Papers

Severe anaphylactic reaction to latex rubber surgical gloves

BMJ 1994; 308 doi: https://doi.org/10.1136/bmj.308.6923.246 (Published 22 January 1994) Cite this as: BMJ 1994;308:246
  1. P I Mansell,
  2. J P D Reckless,
  3. C R Lovell
  1. Royal United Hospital, Bath BA1 3NG
  1. Correspondence to:Dr P Mansell, c/o Dr Leatherdale secretary, Royal South Hants Hospital, Southhampton SO9 4PE.
  • Accepted 1 October 1993

Immediate hypersensitivity to rubber is fairly common among people regularly exposed to rubber, although severe anaphylactic reactions are rare1,2. We report a severe anaphylactic reaction in a woman who may have been sensitised to rubber during multiple operations and vaginal examinations.

Case report

A 31 year old woman became ill on her way home from a hospital consultation. Her face and eyelids swelled, her throat felt tight, and she became short of breath with wheezing. Her general practitioner arrived to find her moribund; diagnosed anaphylaxis; and injected adrenaline, chlorpheniramine, and hydrocortisone. She survived a respiratory arrest during transfer to hospital.

The woman's medical history included delayed hypersensitivity reactions to nickel and several operations (including appendicectomy, herniorrhaphy, right salpingo - oophorectomy, two laparoscopies, and four caesarean sections). During a consultation about an abscess at the site of a stitch the woman's gynaecologist had examined her vaginally while wearing a latex rubber glove; the anaphylactic reaction occurred about 10 minutes later. In retrospect, she recalled a less severe episode of facial swelling and wheezing after blowing up some balloons. Immediate hypersensitivity to latex rubber was thought to have caused her anaphylactic reaction.

The woman recovered fully within 24 hours and was discharged from hospital with syringes preloaded with adrenaline (0.5 ml 1/1000) for intramuscular injection and 240 mg of terfenadine to take orally at the onset of any attack. A blood sample taken 36 hours after the anaphylactic reaction showed normal C3 and C4 concentrations and a C1 esterase inhibitor concentration of 0.12 g/l (reference range 0.15-0.35 g/l), which excluded idiopathic angio-oedema.

The patient was subsequently noted to be dermatographic and had a positive hypersensitivity reaction 10 minutes after a prick test with a 1 cm square piece of a latex rubber glove but no reaction when a control polythene glove was used. Prick testing with natural rubber latex showed a 5 mm weal and 15 mm flare; no reactions were obtained in six control subjects. A resuscitation trolley, a syringe preloaded with adrenaline, and a plastic airway were close by during these tests. Patch tests with various rubber chemicals gave negative results, though those with nickel and cobalt gave positive results.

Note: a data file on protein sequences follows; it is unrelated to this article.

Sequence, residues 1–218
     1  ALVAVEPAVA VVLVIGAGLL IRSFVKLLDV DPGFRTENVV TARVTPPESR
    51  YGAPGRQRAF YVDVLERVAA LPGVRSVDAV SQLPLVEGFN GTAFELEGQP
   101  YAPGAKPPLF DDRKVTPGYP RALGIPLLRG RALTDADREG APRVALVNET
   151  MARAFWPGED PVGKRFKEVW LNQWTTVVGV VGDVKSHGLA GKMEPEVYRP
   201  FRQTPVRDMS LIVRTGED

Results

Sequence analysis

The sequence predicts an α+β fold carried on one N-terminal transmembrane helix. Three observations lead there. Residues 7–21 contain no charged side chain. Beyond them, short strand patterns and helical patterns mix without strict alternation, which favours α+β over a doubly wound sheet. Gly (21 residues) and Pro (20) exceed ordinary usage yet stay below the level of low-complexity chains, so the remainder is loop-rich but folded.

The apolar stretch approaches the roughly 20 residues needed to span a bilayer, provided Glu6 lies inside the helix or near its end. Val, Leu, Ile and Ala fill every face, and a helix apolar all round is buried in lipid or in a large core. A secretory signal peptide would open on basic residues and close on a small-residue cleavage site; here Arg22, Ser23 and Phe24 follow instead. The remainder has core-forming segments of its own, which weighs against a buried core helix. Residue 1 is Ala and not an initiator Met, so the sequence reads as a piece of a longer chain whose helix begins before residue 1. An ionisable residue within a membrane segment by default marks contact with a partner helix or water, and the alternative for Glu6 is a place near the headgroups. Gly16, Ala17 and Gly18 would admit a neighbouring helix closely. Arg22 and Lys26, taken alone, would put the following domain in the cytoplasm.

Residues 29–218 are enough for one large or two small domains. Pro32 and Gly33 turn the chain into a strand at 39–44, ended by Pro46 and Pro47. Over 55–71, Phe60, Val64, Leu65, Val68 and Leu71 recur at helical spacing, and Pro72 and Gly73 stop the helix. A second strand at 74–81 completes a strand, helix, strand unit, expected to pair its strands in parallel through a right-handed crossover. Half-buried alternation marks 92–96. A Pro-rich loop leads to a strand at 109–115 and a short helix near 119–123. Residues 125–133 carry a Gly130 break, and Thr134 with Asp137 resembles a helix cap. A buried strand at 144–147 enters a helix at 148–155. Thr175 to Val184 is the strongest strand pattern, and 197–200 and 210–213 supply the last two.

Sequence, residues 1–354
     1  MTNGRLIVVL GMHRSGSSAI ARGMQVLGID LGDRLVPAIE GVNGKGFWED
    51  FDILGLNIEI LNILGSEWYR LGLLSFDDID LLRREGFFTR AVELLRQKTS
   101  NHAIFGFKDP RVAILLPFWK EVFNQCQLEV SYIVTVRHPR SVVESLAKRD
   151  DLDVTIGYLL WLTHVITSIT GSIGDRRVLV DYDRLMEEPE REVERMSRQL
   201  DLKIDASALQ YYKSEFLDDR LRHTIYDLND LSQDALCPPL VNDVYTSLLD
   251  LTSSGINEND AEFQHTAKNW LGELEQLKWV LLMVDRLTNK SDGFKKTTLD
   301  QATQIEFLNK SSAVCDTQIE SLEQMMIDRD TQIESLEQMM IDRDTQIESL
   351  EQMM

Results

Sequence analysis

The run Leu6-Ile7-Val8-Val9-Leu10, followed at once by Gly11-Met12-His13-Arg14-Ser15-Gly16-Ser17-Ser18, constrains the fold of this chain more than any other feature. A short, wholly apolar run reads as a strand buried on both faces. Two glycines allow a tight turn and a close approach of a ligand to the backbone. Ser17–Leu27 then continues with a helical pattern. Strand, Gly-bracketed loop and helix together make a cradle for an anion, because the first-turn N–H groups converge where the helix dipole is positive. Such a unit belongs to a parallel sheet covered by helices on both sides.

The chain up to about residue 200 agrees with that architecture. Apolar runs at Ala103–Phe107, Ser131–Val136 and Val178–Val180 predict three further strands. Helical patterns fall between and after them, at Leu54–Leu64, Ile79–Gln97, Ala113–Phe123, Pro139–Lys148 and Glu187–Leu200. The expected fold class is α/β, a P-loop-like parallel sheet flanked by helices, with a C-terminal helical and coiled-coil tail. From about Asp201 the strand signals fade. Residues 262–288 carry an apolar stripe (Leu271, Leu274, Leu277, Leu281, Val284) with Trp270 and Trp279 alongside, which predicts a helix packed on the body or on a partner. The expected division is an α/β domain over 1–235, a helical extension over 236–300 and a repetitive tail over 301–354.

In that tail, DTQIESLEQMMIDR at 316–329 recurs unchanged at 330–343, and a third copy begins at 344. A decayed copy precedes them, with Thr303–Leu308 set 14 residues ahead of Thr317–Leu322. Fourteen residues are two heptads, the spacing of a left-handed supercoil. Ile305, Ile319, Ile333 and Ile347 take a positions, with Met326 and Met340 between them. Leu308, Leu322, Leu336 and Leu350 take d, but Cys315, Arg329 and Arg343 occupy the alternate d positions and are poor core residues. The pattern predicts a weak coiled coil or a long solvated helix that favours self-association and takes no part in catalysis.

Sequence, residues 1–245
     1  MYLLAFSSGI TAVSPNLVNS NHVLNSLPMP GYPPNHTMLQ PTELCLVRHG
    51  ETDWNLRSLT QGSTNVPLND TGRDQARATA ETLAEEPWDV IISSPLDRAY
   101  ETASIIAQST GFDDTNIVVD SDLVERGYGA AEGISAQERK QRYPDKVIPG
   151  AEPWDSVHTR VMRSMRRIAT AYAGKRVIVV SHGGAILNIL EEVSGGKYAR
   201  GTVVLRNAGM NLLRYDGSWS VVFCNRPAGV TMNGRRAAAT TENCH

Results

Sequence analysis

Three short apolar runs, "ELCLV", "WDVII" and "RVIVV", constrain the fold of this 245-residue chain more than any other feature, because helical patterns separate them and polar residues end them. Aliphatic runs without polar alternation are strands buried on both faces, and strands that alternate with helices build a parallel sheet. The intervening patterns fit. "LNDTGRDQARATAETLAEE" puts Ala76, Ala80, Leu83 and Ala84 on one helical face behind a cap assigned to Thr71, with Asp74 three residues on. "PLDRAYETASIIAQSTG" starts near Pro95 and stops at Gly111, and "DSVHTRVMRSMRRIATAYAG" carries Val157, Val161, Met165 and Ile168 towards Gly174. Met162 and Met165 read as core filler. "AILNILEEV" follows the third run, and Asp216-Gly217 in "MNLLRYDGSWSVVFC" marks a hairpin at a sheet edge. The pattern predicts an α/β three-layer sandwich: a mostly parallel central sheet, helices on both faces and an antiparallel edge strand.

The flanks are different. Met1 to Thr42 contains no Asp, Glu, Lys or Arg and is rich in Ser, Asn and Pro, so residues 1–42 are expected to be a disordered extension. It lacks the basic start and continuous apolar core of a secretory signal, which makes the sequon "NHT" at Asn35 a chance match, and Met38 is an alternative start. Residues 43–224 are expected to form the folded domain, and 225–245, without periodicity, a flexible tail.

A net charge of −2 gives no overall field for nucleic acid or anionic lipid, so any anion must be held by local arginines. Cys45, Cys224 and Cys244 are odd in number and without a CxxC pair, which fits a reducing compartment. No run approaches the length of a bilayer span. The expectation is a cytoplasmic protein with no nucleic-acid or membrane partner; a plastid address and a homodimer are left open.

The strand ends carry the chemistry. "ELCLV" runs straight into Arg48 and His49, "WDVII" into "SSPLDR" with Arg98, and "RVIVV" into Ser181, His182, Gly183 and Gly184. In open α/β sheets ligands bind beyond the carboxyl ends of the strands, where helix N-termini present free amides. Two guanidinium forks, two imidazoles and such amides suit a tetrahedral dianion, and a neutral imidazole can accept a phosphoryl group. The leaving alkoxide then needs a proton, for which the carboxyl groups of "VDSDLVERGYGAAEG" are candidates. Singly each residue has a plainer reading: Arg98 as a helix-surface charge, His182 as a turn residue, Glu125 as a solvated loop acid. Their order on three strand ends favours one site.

Four months later the woman developed wheezing and shortness of breath 30 minutes after her son directed the flow of air from a deflating rubber whoopee cushion (a joke cushion) at her face. She injected adrenaline, and the resulting reaction was less severe than the previous reaction, but admission to hospital was still required.

Comment

Immediate hypersensitivity is fairly common among people regularly exposed to rubber. Nine of 145 theatre staff in one Finnish hospital had local contact urticaria caused by wearing latex rubber surgical gloves, and similar allergic reactions occur in people who regularly use rubber cleaning gloves.1 Many patients with contact urticaria caused by latex rubber gloves have similar reactions to products such as condoms and balloons. The allergen seems to be an unidentified protein eluted from natural latex rather than other chemicals in rubber or the powder inside gloves.2 The prevalence of hypersensitivity to latex has increased since 1979, possibly because increased demand for condoms and other barrier devices has led to products that are poorly compounded and inadequately leached.2

Severe anaphylactic reactions to latex rubber are rare but are most commonly associated with medical procedures. Four patients developed systemic allergic reactions during childbirth when the obstetrician or midwife was wearing rubber gloves,3 and anaphylaxis during surgery was attributed to allergy to latex rubber in 12 patients.4 Fatal anaphylaxis occurred from the use of inflatable rubber cuffs in barium enema examinations.5 Many of the above patients had previously been diagnosed as having contact urticaria caused by latex rubber and other atopic manifestations. Our patient had probably been sensitised by repeated contact with latex rubber surgical gloves during multiple operations and vaginal examinations.

We thank Mr R Porter for permission to report the case and Mr T Pendle of the Tun Abdul Razah Laboratory, Hertfordshire, for supplying the natural rubber latex.

References

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